then there is a famous competition—the sphinx competition—for black and latino string players that occurs every year. winner gets a huge prize, an instrument, and a sea of bookings with leading orchestras. but tell me the day when a black/latin violinist places high in the queen elizabeth violin competition, or say the international indianapolis competition and i will be SHOCKED. 

      • TuraLura

        You are so right about the “Kreutzer”, and again, no one in any music history class ever pointed these things out to students who would have been so happy to have known about these amazing composers and players!

        And you are also so very right about competitions. Despite the fact that I met dozens of highly talented “minority” players during my classical career, I found that world to be one of the least inclusive, to its own detriment. Obviously things haven’t improved much since the 80s. 

  • Anonymous
  • N.

    Over the course of my twenties, I slowly discovered classical music, whether Baroque era composers such as Bach, or 19th and 0th Century composers such as Eller, Mahler and Prokofiev, to be every bit as much an antidote to the dreck of mainstream contemporary music as the independent folk music at sites such as and infinitely more brave and exciting than any of it. I think the key for people of any age to truly connect with this music is to be aware that it is there and to be given the opportunity to connect with it on their own terms. The classical world, as much as it does seem that it wants to be ‘cool’, has an ages old reputation for close-mindedness and a strict code of conduct. To use some recent examples, the notion that the Apollon Musagete quartet should be the subject of controversy for performing their own original compositions and that Deutsche Grammaphon should be chided for inviting a pop artist such as Tori Amos (who barely qualifies as a pop artist to begin with) to compose a song cycle for their label (if we’re talking bad artwork, Night of Hunters is a stunning example) says a great deal about how open the doors are to the ‘Regular Joes’ of the world. The fact that Amos’ song cycle broke records on the Billboard charts and garnered the best reviews of anything she’s done in years says that much more. I firmly believe the interest is there, it’s just a matter of openness and exposure.

  • Literatureclass1

    Don’t care for classical music, but Wynton Marsalis comes to mind as a famous African American who plays a lot of classical music, including a lot of very famous performances and you-tubable ones.

  • viola6

    I’m a student at one of the world’s top conservatories, and I have two main points to make in response to this post:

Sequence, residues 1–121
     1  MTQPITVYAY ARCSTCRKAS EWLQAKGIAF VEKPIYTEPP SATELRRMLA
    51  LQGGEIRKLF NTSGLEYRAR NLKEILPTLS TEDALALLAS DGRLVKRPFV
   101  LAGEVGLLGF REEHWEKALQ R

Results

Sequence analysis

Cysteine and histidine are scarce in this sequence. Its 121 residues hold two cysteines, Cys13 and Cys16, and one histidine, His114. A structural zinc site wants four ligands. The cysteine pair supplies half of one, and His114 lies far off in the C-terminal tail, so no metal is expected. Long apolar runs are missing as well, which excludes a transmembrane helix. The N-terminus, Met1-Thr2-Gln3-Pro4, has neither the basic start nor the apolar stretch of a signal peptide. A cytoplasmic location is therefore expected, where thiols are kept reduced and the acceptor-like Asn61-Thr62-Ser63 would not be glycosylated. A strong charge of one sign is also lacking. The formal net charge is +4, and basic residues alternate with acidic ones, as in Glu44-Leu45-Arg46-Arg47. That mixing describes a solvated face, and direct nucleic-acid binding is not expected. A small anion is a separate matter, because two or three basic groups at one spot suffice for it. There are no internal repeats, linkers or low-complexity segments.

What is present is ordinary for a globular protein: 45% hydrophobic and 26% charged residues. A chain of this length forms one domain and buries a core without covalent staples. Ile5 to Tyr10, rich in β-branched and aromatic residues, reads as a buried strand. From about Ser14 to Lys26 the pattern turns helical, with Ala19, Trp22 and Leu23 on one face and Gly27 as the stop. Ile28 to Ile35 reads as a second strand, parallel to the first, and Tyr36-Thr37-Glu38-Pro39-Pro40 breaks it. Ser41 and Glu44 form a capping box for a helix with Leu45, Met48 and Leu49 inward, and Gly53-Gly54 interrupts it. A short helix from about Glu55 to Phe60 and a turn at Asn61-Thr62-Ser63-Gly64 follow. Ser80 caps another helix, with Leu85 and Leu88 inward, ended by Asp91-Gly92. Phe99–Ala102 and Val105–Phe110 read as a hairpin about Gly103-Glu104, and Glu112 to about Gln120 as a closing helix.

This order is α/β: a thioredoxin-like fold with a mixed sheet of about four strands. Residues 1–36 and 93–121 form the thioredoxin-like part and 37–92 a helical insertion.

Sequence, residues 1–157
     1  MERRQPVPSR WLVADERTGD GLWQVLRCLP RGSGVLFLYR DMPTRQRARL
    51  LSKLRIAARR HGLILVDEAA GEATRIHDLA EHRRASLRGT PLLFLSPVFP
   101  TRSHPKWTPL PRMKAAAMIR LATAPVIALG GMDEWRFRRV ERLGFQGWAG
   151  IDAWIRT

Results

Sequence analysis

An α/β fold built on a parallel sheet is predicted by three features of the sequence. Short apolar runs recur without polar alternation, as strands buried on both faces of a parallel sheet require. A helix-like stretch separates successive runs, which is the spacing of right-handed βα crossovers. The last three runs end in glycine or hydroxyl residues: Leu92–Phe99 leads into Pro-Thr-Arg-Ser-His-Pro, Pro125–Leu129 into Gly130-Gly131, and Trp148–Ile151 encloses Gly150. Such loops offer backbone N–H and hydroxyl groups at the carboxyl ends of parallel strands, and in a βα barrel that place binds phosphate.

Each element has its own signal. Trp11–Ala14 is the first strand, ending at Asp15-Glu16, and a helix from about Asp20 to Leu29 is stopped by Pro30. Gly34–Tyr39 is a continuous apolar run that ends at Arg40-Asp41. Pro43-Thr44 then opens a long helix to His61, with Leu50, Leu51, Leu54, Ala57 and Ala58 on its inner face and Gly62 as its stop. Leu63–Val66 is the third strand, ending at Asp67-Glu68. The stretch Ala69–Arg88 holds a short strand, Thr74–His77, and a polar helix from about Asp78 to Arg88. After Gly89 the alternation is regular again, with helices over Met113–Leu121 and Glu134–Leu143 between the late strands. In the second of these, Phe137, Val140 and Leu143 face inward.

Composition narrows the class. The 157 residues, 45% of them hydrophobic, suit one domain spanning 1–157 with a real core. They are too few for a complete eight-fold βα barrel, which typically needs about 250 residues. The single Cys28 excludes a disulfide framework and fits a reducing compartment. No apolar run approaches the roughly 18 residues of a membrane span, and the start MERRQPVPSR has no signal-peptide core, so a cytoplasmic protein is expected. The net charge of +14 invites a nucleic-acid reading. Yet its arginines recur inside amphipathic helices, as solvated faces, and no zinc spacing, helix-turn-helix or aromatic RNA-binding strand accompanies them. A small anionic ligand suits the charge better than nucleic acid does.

1.)  As someone who will readily admit to enjoying a variety of “popular” music, I listen to this sort of music because I appreciate the lyrics as poetry or because I want to aurally consume “ear candy.”  I have an aunt who is probably one of the most brilliant businesswomen in America, but she reads celebrity tabloids when she’s tired and doesn’t want to tax her mind any further.  This is what listening to pop music feels like for me: it may be pleasant and entertaining, but I rarely find it to be intellectually or personally enriching.  
    This can be explained by the blatantly repetitive nature of popular music.  If you analyze popular music from the 1920s to the present, you will find that an overwhelming majority of these songs are constructed all from the same few simplistic chord progressions.  While there are certainly parallel patterns in classical music, the music is so inherently complex due to the greater variety of harmonic language, as well as longer, more well-developed melodic and thematic material.

    I do not deny the repetition of repertoire that classical performers choose.  But think about it this way: it is our goal as performers to create something new and special every time we play a piece, regardless of how old it is or how many times it’s been recorded.2.)  Classical musicians of my generation are forced to fight the uphill battle of trying to make “old” music fresh and accessible to a “new” audience.   Objectively speaking, I and many of my peers are young, attractive, talented, and intelligent.  We love this “old” music so ardently that some of us are willing to do just about anything to keep it on the public’s radar.  So yes, some performs resort to promoting their sexuality over their musicianship.  Although this is obviously a debatable technique, it’s impossible to deny  its efficacy.  The sensual covers of Anne-Sophie Mutter and Julia Fischer have got you talking, haven’t they?  They’ve got people thinking about and discussing classical music.  This thought and discussion is inarguably helping to keep classical music alive.

  • Daren Sirbough

    Wow great video

  • Shosh

    People still compose classical music. There’s still new stuff. Sure, a lot of it’s crap because Schöenberg ruined everything, but there is definitely new stuff out there. Composers exist. Film scores are technically in the same genre. It’s not really everyone’s thing. And honestly, I’d say there are so many white people in orchestras because there are more uptight white parents forcing their kids to start playing some kind of viol at age 4, which isn’t a good thing. Those kids end up rarely smiling.